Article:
8 May 2012

Egerman, Vogler & Co.

Many Bergman characters have the same name. Why? Well, who knows. But here's at least the full list!

”In Bergman, character names fulfil the same role as the images in Fellini or the place names in Proust.”
Jacques Aumont

Egerman, Vogler & Co.

In Ingmar Bergman's cinematic universe there are a number of first and family names that constantly recur. In fact, this repetition has been so consistent that many interpreters have attempted to investigate and decode these names. Some of them have been seen as allegorical, biblical names such as Isak and Tomas, for example. Others have been interpreted from their etymological origins: Alma, the Latin for "soul", for example. This has prompted many to regard Nurse Alma in Persona as a symbol for the psyche or inner human condition.

Annandreas

Manuscript to The Lie (1968), first called 'Annandreas' which is a word based on the protagonists' names: Anna and Andreas. Furthermore, 'annan' means 'someone else'. 'Annandreas' thus suggests that the two characters are in fact they same, but also, perhaps, someone else.

© Stiftelsen Ingmar Bergman

The name Vogler, which is unusual but not exactly rare in Germanic language-based communities (statistics revealed that in 2004 there were 34 Voglers in Sweden), derives from the German word for Bird (Vogel, Swedish: fågel), and since Bergman by his own admission has a fear of birds, his Vogler characters have often been regarded as implicitly threatening. Others in the extensive corpus of Bergman scholars have tried to find keys to the names in Bergman's own life. In his later works, particularly of the literary variety, much of his subject matter has been unashamedly autobiographical, and the names have either been lightly disguised or completely authentic. In The Best Intentions, for example, the main characters are Henrik Bergman and Anna Åkerblom, whereas their true forerunners (i.e. Bergman's parents) were called Erik Bergman and Karin Åkerblom. In Sunday's Children on the other hand, the characters have their "correct" names. These stylistic devices of authenticity have added to the notion that names in Bergman's earlier works can also be interpreted in biographical terms.

But the use of names in Bergman is a complex area. Henrik and Anna are common names in Bergman's earlier fictitious films. So should they be actually interpreted as portraits of his parents? Take Henrik Egerman in Smiles of a Summer Night, for example, a young man preparing to enter the clergy. Is he an early version of Bergman's father, who was also a clergyman? Or the motherly Anna in Cries and Whispers: is she actually Karin? Why then in that film is there another character whose name is Karin? Reference to Bergman's autobiography The Magic Lantern does not exactly clarify the issue. There, for example, we find an Andrea Vogler (said to be the piano teacher of his former wife Käbi Laretei). This is not actually true, but this fact is not immediately obvious. Following the same line of thought, there must surely have been a highly unpleasant Mr Vergérus somewhere in Bergman's past – a despised teacher, perhaps?

Alexander's stepfather, Bishop Edward Vergérus, disciplines the eponmymous hero of Fanny and Alexander (1982).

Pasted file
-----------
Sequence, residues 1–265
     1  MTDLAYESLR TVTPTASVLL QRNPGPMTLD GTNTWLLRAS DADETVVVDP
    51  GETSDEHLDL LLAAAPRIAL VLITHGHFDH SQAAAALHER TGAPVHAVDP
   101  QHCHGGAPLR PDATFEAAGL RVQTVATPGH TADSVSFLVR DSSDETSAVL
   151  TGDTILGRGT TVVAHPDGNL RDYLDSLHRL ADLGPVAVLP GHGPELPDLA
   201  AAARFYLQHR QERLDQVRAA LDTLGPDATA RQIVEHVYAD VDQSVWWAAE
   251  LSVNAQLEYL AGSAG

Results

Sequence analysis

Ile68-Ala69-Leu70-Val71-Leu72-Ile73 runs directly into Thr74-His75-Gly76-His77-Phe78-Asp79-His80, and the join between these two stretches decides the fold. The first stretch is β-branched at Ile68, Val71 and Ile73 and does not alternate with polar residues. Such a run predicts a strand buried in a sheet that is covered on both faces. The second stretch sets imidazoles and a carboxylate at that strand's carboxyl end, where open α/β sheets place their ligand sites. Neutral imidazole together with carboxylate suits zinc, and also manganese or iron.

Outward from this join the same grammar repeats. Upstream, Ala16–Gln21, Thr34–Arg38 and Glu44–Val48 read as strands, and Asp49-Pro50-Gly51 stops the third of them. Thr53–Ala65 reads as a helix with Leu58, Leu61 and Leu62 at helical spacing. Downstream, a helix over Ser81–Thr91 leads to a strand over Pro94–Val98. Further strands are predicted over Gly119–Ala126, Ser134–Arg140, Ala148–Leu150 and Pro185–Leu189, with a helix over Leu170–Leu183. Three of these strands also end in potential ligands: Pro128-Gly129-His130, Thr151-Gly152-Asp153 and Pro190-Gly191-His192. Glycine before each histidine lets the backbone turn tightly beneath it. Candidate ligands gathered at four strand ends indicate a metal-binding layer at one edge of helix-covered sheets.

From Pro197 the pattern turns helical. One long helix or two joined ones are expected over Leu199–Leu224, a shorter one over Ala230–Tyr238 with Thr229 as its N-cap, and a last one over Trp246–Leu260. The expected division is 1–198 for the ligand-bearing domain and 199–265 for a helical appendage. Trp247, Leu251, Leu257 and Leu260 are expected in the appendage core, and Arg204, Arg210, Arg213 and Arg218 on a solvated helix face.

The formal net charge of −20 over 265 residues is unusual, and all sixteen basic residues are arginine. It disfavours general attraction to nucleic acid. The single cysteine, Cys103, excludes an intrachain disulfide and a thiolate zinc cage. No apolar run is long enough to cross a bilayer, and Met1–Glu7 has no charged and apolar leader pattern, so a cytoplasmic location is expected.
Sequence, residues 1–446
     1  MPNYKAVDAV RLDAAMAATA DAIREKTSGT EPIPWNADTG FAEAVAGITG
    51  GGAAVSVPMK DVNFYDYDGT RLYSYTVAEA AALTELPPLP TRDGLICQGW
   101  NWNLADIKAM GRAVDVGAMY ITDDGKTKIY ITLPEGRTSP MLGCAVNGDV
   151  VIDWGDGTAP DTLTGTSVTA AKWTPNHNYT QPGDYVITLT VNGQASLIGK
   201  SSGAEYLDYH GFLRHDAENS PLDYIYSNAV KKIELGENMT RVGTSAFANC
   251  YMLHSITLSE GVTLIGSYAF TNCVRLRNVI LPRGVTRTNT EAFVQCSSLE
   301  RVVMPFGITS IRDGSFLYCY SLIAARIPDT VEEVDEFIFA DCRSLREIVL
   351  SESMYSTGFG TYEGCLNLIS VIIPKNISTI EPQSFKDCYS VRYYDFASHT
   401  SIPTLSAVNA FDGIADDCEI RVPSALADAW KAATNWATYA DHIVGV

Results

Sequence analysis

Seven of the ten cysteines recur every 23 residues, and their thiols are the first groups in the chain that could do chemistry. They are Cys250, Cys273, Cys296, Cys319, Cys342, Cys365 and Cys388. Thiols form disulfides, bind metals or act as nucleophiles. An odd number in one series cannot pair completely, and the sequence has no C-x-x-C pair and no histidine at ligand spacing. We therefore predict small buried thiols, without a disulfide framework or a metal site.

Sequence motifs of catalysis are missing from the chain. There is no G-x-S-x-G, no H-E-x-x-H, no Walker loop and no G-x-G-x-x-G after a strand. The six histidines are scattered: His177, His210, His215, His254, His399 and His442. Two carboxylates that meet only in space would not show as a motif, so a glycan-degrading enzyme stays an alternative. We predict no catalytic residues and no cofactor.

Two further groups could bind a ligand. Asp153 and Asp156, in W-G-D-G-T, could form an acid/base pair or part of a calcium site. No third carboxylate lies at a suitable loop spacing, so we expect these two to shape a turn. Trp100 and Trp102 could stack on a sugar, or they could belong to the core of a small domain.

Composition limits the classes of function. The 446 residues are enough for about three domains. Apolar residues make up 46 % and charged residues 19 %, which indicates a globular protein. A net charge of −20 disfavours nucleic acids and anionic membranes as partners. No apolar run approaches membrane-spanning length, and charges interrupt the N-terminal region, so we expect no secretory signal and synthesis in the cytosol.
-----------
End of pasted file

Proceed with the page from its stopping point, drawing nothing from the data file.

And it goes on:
Alexander's stepfather, Bishop Edward Vergérus, disciplines the eponmymous hero of Fanny and Alexander (1982).

Photo: Arne Carlsson. © AB Svensk Filmindustri.

Even though there may be something in these more or less erudite interpretations, they may not be more than coincidences in some cases. Taking as an example Bergman's first workbook notes for Cries and Whispers: "Anna. That's a good name. Admittedly I've used it many times before, but it's so good." There is reason to be sceptical of the notion that the recurring names all have a symbolic value. On the other hand, they do serve a purpose: they set out the territory for the viewer, rather like the familiar faces of the actors Bergman used time and time again. Jacques Aumont has claimed that the character names in Bergman fulfil the same role as the images in Fellini or the place names in Proust: a dogged determination to repeat something that appears to be irrelevant yet which strengthens the power of the narrative.

Henrik Vogler and Anna Egerman in After the Rehearsal (1984).

Henrik Vogler and Anna Egerman in After the Rehearsal (1984).

Photo: Arne Carlsson. © AB Svensk Filmindustri.

In Bergman scholarship the interpretation of names is almost an industry in its own right. Another popular form of investigation concerns the types of characters who bear the same name. Voglers are often artists of some kind (a travelling performer in The Magician, an actress in Persona). The Vergérus characters are often authoritarian, sometimes scientifically minded (the health official in The Magician, the stern bishop in Fanny and Alexander). The subject is a fruitful one, but for our own part we would urge anyone interested in Bergman simply to compare the characters who share the same names in the various films. Relate them to the actors playing the parts and compare their appearances, gestures, etc. It may be wisest to draw one's own conclusions as to the names' significance. To help your analysis a short guide is provided below.

 

Sources

  • The Ingmar Bergman Archives
  • Jacques Aumont, Ingmar Bergman: "Mes films sont l’explication de mes images" (Paris: Cahiers du cinema, 2003).
  • Frank Gado, The Passion of Ingmar Bergman (Durham, N.C.: Duke University Press, 1986).